Searching over 5,500,000 cases.


searching
Buy This Entire Record For $7.95

Download the entire decision to receive the complete text, official citation,
docket number, dissents and concurrences, and footnotes for this case.

Learn more about what you receive with purchase of this case.

Cannady v. State

Court of Appeals of Mississippi

July 25, 2017

CORNELIUS CANNADY, SR. A/K/A CORNELIUS CANNADY A/K/A CORNELIUS G. CANNADY APPELLANT
v.
STATE OF MISSISSIPPI APPELLEE

          DATE OF JUDGMENT: 11/04/2015

         MADISON COUNTY CIRCUIT COURT HON. WILLIAM E. CHAPMAN III Judge

          ATTORNEY FOR APPELLANT: OFFICE OF STATE PUBLIC DEFENDER BY: W. DANIEL HINCHCLIFF

          ATTORNEY FOR APPELLEE: OFFICE OF THE ATTORNEY GENERAL BY: ABBIE EASON KOONCE

          DISTRICT ATTORNEY: MICHAEL GUEST

          BEFORE IRVING, P.J., ISHEE, FAIR AND WILSON, JJ.

          ISHEE, J.

         ¶1. In November 2015, Cornelius Cannady was convicted by a jury in the Madison County Circuit Court of false pretense and conspiracy to commit false pretense. Cannady was sentenced as a habitual offender to serve a term of fifteen years in the custody of the Mississippi Department of Corrections (MDOC)-ten years for the false-pretense count, and five years for the conspiracy count, with the sentences to run consecutively to one another. Cannady moved for a judgment notwithstanding the verdict (JNOV) or, in the alternative, a new trial. The circuit court denied the motions. Cannady's appeal was assigned to the Office of the State Public Defender, Indigent Appeals Division (IAD). In his appellate brief, Cannady's attorney asserted that he had conducted a good-faith inquiry into arguable issues for appeal, but ultimately could find none. Having reviewed the record, we also find no meritorious issues and affirm the circuit court's judgment.

         FACTS AND PROCEDURAL HISTORY

         ¶2. After extensive investigation, Cannady was indicted on one count of false pretense, and one count of conspiracy to commit false pretense-as a habitual offender.

         ¶3. At trial, Investigator Jason Rudd, with the Ridgeland Police Department, testified that Cannady was the mastermind behind a check-cashing scheme involving several individuals. Rudd's testimony revealed that fraudulent payroll checks-from nonexistent businesses-were cashed at All American Check Cashing (All American). Rudd explained that Jeremiah Jackson, Charwona Page, and Jason Johnson were involved in this scheme and that Cannady was the ringleader. Cannady would drive the various individuals around in his van and have them cash the fake payroll checks. In return, the individuals would receive approximately $100 for each check they cashed. After Cannady was arrested, Rudd found two cell phones and a bank card belonging to Page's fake business, CP Sales and Services, in his car.

         ¶4. Russell Boyette, an employee of All American, testified that on October 7, 2014, Jackson, Johnson, and Page came into his business-at two different times-and presented three different fraudulent checks to be cashed. The check Page cashed was in the amount of $681.20, and the two checks Jackson and Johnson cashed totaled over $1, 000. Later, All American called to verify the authenticity of the checks, and after being told they were legitimate, cashed them. It was only a few days later that they learned that the checks were actually fraudulent. On cross-examination, Boyette admitted that Cannady himself never came into All American. And Boyette further testified that he was not aware that Cannady ever attempted to cash any checks himself.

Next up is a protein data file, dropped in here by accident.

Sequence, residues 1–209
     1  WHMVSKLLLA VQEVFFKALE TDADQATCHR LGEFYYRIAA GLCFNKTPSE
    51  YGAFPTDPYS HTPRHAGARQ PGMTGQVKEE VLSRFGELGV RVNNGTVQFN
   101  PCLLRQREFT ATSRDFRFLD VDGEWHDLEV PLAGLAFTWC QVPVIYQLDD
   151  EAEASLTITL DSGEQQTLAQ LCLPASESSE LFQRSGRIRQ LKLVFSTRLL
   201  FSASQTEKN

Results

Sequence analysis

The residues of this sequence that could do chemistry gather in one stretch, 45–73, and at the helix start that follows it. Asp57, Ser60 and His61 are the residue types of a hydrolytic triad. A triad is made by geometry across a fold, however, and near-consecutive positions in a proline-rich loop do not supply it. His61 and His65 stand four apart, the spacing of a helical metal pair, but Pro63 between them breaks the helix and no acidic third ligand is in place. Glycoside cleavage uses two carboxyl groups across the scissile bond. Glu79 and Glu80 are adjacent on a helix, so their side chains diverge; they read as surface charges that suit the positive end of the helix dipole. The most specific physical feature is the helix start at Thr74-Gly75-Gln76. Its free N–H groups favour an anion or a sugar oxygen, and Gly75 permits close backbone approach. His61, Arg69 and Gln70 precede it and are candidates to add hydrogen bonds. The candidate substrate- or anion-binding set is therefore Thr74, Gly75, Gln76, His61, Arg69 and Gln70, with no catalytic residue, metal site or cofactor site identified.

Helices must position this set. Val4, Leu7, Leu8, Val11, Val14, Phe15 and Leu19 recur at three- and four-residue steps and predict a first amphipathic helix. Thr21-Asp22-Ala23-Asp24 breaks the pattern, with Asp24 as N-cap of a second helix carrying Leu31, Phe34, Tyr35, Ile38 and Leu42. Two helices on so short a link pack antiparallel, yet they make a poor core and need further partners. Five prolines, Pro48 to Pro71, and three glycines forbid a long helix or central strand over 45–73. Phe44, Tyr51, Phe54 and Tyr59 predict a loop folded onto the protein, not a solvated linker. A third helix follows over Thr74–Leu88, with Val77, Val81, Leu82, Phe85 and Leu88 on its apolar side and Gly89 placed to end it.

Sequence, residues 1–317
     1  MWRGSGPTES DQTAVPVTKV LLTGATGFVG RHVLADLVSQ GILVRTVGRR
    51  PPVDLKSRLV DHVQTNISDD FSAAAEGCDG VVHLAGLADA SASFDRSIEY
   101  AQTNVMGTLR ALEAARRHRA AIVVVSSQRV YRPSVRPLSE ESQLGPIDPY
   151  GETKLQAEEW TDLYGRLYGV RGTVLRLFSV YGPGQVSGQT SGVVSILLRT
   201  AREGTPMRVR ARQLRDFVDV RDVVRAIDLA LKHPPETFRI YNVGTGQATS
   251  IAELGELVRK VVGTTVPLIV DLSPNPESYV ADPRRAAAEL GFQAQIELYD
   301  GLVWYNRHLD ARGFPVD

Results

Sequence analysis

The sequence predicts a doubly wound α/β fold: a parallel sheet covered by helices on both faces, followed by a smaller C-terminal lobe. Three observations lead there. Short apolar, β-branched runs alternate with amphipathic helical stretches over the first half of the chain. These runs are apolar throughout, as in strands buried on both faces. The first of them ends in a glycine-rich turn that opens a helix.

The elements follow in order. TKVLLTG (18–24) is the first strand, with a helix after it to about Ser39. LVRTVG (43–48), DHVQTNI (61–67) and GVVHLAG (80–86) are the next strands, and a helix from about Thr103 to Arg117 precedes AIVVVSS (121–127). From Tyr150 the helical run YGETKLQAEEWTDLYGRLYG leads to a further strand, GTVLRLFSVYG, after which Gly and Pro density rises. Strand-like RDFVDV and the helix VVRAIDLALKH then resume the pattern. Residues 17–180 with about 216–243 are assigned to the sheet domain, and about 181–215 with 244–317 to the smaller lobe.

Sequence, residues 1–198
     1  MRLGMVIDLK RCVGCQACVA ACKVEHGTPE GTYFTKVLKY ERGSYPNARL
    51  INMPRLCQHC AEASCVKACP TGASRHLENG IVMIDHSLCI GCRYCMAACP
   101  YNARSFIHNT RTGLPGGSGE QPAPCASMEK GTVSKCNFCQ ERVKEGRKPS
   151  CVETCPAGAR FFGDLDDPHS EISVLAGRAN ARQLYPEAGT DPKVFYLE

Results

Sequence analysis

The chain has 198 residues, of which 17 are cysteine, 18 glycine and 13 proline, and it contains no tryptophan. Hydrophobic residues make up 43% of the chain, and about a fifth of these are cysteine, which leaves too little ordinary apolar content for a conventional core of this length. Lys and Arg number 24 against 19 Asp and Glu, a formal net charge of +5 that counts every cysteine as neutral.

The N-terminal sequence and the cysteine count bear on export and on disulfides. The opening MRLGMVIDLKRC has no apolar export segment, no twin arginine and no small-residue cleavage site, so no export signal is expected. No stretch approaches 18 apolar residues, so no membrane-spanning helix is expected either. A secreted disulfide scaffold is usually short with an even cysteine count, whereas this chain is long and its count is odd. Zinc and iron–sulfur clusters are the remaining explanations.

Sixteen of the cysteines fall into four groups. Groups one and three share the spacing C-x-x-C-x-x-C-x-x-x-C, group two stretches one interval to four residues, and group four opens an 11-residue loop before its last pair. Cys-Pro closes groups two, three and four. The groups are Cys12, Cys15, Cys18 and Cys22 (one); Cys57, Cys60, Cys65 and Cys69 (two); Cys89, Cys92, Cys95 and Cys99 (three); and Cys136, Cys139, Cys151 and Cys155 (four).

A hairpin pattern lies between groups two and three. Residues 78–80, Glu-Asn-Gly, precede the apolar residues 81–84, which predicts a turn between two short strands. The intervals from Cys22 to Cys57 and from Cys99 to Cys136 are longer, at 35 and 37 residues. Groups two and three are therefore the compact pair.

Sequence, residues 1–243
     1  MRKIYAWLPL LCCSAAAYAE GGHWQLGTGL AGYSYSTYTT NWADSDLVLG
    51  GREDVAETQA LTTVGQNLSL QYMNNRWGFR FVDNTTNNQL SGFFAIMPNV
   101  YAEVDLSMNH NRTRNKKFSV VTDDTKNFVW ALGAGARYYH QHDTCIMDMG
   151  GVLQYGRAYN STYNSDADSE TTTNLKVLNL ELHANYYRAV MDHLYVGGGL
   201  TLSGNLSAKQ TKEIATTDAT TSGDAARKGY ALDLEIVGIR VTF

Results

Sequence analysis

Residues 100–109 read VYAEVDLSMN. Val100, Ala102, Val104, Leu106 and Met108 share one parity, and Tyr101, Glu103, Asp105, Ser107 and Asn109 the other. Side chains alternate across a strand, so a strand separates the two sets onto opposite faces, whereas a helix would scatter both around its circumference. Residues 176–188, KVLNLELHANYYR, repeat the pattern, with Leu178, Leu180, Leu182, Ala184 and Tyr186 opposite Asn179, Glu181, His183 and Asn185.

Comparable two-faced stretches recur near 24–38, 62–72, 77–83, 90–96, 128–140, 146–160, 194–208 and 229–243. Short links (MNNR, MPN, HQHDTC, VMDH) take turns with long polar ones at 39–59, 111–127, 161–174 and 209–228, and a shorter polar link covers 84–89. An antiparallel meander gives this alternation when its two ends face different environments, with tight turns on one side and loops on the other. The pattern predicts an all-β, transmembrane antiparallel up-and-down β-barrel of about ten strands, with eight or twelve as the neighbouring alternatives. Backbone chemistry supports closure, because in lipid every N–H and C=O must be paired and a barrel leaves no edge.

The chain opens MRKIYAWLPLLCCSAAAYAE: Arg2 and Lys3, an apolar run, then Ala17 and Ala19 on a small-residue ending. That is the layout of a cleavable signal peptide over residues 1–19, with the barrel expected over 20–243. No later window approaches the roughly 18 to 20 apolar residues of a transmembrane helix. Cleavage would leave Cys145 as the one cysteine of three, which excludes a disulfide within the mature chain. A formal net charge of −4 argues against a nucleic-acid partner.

¶5. Edward Keys testified that Cannady, whom he knew as "Check Man, " approached him about the opportunity to make money by cashing checks and opening bank accounts. Cannady took him to open a checking account for Keys Automotive, and then to the Secretary of State's office to incorporate the business. Keys admitted that he never had a car-lot business-or even an office or phone number. Keys testified that he thought the phone number associated with the business was actually Cannady's. And although they used Keys's address and phone number to open the checking account, Cannady paid the initial deposit of $250, and Keys gave the debit cards and checks associated with the account to Cannady; Keys never used them himself. Keys further testified that once he "figured out it was a scam, " he attempted to close the checking account, but the bank would not allow him to because it was so overdrawn.

         ¶6. Page also testified that she knew Cannady as "Check Man, " and that the scheme was his idea. She testified that when someone would call the phone number for Keys Automotive, it was set up to call Cannady's phone. Page told the jury that Cannady took her to open up "CP Sales and Service, " which was a fictitious business, and provided her with the funds to open the account. And like Keys, Page gave Cannady the debit cards tied to the account. Page testified that on October 7-when she went to cash the fraudulent checks-she went at the direction of Cannady, and they both knew there was no money ...


Buy This Entire Record For $7.95

Download the entire decision to receive the complete text, official citation,
docket number, dissents and concurrences, and footnotes for this case.

Learn more about what you receive with purchase of this case.